6. As far as I know, they are twin organs nowadays, both inside and outside. But, Epistle side is the organ which is played normally. The one in Gospel side needs a restoration also. (Granada's cathedral have twin cases but the contents are different.) Yes I have listened to this organ and its sound is really astonishing. The reeds are powerful. It is a shock when you hear Cabanille's "Batalla Imperial"! Though Goggle translation is amuzing, as you realize it is "a bit" different. Basically, a "Octava tapada" is a eight foot stop which is stopped. I apologize for my poor english. Wishes!
  7. It is not necessary. You can have a look here (in Spanish, if help needed, please say it): http://www.orgacitores.com/restauraciones.htm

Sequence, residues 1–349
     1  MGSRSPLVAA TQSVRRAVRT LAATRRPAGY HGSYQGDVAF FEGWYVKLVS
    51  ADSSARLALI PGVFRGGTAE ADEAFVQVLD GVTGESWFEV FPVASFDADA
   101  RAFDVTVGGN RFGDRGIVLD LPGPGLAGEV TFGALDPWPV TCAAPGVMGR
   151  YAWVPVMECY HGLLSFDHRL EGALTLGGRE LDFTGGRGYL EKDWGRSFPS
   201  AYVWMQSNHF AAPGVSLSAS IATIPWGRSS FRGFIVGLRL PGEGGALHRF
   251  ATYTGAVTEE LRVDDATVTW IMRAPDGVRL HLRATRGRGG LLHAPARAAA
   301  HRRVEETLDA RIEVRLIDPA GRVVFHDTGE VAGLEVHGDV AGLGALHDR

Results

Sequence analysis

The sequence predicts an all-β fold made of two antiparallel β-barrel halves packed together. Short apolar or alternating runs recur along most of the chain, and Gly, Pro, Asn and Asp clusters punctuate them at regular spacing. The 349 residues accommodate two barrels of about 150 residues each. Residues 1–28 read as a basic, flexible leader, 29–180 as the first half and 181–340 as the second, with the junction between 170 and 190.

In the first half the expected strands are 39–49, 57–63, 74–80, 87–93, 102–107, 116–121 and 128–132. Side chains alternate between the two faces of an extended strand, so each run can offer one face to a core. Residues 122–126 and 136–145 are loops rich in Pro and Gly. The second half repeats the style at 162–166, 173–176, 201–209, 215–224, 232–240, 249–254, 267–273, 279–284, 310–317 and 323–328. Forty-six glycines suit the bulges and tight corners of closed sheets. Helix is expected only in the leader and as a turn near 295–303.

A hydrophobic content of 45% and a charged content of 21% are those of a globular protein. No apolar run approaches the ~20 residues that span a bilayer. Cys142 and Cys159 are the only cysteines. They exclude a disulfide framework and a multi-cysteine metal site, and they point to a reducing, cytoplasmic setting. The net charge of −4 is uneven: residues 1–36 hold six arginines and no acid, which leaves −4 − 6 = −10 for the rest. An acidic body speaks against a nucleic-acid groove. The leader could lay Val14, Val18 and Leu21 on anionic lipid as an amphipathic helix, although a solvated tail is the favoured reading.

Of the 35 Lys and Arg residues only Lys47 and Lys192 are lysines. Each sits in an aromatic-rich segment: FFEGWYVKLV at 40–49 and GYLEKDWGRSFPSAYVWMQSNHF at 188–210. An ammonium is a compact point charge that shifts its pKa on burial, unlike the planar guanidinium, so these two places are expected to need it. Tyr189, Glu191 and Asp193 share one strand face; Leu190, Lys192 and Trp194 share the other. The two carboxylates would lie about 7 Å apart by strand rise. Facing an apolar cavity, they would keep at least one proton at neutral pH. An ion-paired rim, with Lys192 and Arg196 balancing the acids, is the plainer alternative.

8. I can write Granada and Malaga's organs original disposition if you want. They are far long...
  9. I have the impression (and it's only an impression) that this label has no distributior anywhere. I think you'll have to buy the DVD directly in the web.
  10. Thank you very much for your complete accounts!
  11. I am sorry! Obviously, I didn't write but I read! Thank you.
  12. Oh, yes! I wrote in German pages it's known as Tontentanz Orgel. Do you know why?
  13. And these? http://www.heimatsammlung.de/motiv_unter/o...elorgan_103.jpg http://home.arcor.de/accra/kaisertag/luebe...rienkirche.html
  14. Is perhaps the photo the one of this link? http://www.schnitgerorgel.de/html/idee.html I don't understand the German very well! It's very possible I'm wrong!